Don’t mess with Uncle Sam: U.S. truckers guilty of fraud

BROOKLYN, NY- Two U.S. drivers have pleaded guilty in a fraudulent Commercial Driver’s License (CDL) test-taking scheme in late January and early February of 2015.

Conspiring CDL applicants paid between $1,800-$2,500 in return for CDL exam answers and escort assistance through DMV processes, the U.S. Department of Transportation claims.

Fraud schemes included the use of pencils containing miniaturized encoded test answers, the use of a Bluetooth headset as a communication device to relay CDL test answers, and the use of an external test-taker positioned nearby to take the exams.

Since October 2013, 11 drivers were indicted in connection with a widespread fraudulent CDL test-taking scheme in New York State. 

As a result, the U.S. Department of Transportation, Department of Homeland Security, New York police and other governing bodies have launched an investigation into CDL test-taking.

The investigation revealed that fraudulent CDL test-taking activities occurred at five known Department of Motor Vehicles (DMV) test centers in the New York City area. Surveillance operations, including the use of remote observation posts and pole-cameras, identified the defendants participating in the fraud scheme, including New York State DMV security personnel, an external test-taker, facilitators, “runners”, and lookouts.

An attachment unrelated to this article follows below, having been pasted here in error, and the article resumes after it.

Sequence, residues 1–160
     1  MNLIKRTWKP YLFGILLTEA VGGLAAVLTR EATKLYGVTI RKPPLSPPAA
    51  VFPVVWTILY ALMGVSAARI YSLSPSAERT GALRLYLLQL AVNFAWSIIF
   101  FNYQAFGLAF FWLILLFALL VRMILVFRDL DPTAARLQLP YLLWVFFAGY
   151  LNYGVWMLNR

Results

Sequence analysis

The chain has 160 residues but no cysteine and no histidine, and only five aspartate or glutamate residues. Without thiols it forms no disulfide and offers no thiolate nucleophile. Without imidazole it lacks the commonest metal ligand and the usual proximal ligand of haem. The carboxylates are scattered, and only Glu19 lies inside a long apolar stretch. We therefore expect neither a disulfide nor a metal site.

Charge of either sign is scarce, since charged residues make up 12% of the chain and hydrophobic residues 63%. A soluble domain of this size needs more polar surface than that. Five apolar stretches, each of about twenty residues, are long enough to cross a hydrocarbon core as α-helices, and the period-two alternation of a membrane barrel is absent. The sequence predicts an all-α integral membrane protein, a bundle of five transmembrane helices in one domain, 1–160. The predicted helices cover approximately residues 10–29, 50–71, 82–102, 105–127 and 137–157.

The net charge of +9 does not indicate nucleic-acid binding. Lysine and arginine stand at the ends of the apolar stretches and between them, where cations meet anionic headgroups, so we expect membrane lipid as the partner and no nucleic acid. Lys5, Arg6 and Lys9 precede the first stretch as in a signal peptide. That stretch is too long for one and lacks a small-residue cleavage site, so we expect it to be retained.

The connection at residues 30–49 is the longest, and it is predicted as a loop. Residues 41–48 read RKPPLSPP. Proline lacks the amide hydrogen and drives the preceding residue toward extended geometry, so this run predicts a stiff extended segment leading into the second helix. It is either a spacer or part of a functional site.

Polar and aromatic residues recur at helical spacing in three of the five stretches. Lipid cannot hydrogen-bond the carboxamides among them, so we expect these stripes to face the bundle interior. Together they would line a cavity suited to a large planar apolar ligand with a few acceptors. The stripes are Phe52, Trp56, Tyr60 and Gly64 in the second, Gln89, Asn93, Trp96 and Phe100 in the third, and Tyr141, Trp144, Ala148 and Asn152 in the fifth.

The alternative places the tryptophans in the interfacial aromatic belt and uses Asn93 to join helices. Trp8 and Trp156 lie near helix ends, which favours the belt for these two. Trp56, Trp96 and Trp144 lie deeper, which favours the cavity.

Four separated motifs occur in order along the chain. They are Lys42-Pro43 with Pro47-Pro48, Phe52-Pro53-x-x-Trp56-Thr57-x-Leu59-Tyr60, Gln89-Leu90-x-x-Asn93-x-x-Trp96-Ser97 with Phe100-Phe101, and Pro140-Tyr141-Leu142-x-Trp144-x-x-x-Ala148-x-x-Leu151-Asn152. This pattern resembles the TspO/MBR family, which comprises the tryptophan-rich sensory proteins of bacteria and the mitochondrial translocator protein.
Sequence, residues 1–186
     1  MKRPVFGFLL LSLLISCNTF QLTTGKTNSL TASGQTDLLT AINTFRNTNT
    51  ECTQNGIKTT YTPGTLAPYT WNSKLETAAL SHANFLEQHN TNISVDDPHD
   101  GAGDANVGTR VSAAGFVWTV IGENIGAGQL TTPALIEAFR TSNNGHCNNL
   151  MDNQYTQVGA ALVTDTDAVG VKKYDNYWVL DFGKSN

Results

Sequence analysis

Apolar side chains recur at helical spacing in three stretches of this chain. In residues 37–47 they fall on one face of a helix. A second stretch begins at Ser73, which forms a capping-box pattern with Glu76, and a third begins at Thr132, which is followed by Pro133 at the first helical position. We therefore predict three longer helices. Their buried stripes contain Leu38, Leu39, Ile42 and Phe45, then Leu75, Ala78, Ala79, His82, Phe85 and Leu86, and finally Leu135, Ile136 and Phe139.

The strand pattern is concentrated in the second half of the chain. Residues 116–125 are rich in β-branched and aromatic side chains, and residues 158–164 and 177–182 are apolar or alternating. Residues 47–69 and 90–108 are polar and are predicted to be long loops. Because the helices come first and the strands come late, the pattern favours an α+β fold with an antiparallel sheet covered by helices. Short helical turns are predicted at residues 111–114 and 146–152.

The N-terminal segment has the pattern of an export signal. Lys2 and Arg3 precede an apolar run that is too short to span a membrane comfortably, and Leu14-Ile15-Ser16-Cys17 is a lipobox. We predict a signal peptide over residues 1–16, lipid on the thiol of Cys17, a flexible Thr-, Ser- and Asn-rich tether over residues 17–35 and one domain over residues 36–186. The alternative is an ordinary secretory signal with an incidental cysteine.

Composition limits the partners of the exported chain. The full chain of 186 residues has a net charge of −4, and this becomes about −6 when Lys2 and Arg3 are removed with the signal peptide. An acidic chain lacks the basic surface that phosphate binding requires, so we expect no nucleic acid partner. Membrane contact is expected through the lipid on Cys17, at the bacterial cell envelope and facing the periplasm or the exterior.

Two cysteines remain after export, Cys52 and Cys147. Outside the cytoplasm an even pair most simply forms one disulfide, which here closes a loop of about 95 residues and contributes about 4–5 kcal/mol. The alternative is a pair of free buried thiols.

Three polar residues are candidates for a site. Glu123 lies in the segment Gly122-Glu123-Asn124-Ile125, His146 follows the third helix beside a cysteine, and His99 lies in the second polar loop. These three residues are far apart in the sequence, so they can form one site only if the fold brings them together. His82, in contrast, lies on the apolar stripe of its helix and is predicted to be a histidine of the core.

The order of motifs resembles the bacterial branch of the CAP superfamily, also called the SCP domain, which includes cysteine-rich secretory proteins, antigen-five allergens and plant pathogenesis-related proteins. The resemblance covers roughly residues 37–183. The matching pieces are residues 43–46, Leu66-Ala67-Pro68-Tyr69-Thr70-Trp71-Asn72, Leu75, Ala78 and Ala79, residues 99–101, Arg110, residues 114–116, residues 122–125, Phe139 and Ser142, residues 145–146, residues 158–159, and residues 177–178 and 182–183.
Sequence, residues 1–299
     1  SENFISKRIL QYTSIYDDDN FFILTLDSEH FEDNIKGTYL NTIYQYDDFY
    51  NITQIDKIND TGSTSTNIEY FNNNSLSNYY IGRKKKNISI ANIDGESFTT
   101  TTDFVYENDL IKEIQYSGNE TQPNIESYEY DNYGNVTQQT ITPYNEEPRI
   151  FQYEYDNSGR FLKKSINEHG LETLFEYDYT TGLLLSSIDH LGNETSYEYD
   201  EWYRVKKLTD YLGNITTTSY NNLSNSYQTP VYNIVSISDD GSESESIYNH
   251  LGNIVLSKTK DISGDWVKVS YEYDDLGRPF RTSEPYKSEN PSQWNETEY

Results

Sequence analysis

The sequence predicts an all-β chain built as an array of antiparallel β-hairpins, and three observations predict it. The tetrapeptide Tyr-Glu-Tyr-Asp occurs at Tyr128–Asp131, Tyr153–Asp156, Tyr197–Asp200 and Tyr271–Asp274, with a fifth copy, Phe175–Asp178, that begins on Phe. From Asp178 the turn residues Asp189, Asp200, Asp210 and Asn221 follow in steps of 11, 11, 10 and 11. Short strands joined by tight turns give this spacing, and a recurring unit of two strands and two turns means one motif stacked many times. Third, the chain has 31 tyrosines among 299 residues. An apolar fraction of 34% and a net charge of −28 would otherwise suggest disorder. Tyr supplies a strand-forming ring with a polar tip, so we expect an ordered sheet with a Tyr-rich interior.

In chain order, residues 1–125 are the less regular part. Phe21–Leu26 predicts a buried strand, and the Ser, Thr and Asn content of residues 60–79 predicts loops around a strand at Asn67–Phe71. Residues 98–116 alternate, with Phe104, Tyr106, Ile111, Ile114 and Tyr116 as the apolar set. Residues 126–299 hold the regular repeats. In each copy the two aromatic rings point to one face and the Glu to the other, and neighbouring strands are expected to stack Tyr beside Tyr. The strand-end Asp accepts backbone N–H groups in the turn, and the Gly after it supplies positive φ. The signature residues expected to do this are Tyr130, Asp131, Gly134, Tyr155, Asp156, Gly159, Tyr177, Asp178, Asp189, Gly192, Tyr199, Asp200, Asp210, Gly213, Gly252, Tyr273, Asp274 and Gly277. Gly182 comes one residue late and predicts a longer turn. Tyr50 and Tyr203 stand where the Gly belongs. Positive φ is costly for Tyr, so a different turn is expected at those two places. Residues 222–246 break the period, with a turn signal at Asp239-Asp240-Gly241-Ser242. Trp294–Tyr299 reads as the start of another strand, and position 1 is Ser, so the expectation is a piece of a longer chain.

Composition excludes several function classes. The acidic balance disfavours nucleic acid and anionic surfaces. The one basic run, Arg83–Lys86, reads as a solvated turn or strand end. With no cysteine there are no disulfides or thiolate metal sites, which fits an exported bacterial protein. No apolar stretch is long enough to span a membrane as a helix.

Hide nothing

A bit farther south, in North Carolina, one man pleaded guilty for lying on a commercial driver employment application.

In January 2013, the North Charleston, South Carolina, Police Department charged Arnold Williams with reckless homicide and possessing an open alcohol beverage container. Williams was arrested after crashing his tractor trailer, which led to one fatality and three injuries. He subsequently lost his job.

A few months later Williams applied to work as a truck driver for a North Carolina-based trucking company and did not disclose his previous accident. And since FMCSA regulations require drivers to list all previous accidents on driver employment applications, Williams landed in court for lying.  

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